Emna Fetni, a 24-year old political science researcher embedded herself in the overlooked neighborhoods of Mhamdia and Zarhouni, located on the social and spatial fringes of the vibrant center of the capital of Tunis. The neighborhoods are home to crumbling infrastructure and rampant unemployment, but also forge tight social bonds amidst difficult circumstances.

This collision of marginalization and solidarity suits Emna’s photographic interests perfectly. “Photography allows me to escape from the ugliness of the world and to grasp its beauty,” she says.

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Ali Jabeur, 26, captured the economic and ecological decline of the Gulf of Gabes, a region once home to a thriving fishing industry. Decades ago, the arrival of a chemical plant heralded even more jobs to the region, but over the years the plant’s pollution devastated the gulf’s marine life – and the local economy. Unemployed fishermen are angry with a state that ignores the consequences of pollution and its impact on their livelihoods.

Ali hopes his photography sparks examination of the underlying issues, and sees it as a form of activism. “I realized that being a photographer is a responsibility and that taking pictures is a mission,” he says. “For me, it means committing to and defending a cause, an approach that guides all of my work.”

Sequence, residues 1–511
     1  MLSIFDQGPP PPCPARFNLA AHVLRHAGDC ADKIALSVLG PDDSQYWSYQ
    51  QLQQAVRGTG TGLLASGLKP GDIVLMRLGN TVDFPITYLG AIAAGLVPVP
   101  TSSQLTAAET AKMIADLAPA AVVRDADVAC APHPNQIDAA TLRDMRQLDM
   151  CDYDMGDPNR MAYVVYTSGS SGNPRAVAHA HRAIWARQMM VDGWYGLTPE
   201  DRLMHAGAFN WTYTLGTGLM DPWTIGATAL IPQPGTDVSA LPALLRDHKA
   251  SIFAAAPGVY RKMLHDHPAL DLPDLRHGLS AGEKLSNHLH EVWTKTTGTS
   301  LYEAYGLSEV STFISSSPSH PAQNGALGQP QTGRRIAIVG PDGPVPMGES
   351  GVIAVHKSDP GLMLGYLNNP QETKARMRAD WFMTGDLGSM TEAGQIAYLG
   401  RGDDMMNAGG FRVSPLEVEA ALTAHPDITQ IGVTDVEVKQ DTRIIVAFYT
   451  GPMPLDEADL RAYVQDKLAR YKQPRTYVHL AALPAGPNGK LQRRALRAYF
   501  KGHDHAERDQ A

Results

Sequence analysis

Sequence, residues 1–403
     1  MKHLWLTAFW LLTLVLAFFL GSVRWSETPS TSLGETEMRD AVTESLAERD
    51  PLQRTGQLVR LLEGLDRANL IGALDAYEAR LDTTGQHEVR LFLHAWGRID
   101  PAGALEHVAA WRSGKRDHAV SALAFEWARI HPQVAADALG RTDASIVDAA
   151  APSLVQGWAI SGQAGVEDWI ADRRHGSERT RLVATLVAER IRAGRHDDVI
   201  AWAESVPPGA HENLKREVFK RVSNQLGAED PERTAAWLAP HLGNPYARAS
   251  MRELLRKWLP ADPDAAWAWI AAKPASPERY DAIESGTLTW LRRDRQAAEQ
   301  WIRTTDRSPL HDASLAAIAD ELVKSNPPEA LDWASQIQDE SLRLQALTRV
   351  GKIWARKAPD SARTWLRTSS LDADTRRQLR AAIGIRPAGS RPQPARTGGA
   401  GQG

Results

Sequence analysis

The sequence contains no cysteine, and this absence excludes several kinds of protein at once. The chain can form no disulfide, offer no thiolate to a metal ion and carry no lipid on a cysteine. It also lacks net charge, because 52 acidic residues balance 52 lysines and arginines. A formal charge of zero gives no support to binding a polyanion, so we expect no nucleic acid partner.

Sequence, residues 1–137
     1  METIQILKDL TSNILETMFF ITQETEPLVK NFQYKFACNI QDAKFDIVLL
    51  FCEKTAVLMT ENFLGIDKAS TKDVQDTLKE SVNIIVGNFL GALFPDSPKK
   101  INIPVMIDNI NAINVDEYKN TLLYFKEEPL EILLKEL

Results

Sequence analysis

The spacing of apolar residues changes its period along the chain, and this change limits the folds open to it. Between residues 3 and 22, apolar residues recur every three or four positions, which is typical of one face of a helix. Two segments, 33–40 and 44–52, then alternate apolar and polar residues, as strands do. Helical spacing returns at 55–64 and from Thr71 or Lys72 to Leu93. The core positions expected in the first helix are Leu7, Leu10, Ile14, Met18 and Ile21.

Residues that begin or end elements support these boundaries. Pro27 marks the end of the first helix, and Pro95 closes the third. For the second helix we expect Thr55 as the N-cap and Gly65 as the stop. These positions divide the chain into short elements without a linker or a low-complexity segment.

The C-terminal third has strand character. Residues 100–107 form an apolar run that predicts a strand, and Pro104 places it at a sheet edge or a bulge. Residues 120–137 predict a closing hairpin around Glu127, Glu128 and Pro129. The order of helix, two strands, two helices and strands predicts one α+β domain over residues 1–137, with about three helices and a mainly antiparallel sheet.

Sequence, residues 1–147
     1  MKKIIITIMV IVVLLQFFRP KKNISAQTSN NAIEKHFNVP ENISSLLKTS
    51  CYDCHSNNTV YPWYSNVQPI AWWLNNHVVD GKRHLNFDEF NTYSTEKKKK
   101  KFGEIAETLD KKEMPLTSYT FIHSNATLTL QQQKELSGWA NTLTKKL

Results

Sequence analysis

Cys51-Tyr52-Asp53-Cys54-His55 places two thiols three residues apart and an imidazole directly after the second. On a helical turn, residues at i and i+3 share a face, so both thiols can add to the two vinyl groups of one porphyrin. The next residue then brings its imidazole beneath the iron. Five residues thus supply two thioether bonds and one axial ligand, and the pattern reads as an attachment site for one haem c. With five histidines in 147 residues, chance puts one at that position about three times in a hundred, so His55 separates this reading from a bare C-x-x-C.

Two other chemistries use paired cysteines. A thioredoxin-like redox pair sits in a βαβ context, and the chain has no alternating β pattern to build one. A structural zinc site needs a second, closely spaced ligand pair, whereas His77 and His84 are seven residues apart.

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Ashraf Gharbi, a 24-year old activist and student based in Tunis, photographed Kamel Taghouti and Najet Baccouche. An older couple, Taghouti and Baccouche face a litany of challenges due to their opposition to Tunisia's dictatorships. Taghouti was a commander in the Tunisian army when he refused to open fire on civilians during a general strike in 1978. He was discharged for his refusal and subject to persistent harassment from state security forces ever since. His wife Baccouche is a writer who published her first book, “The Rise of the Vacuum” in 1996. After publishing the book, she faced beatings at the hands of state forces which left her with serious health problems.

This struggle resonates with Asrhaf. “My story with the camera started when my father was exiled because of his own photography,” he says. “I inherited his camera and his love for images, and ever since then I have wanted to cover events from all over the world for Tunisians.”

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Nedra Jouini, a 25-year old researcher and engineer, sought to capture a deeply personal experience of marginalization and its impact on the young. Her claustrophobic images convey the sense of dread and isolation she says is the result of economic and social exclusion.

“You finally admit that you are, from now on, alone, out of any possible focus, forgotten in an imaginary cell,” she writes, describing the isolation at the center of her work. “You finally recognize that you are left behind.”

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PHOTOS: High School Zahrouni (Emna Fetni); Gabes fisherman (Ali Jabeur); Najet Baccouche's scar (Ashraf Gharbi); Glass reflection of a silhouette (Nedra Jouini).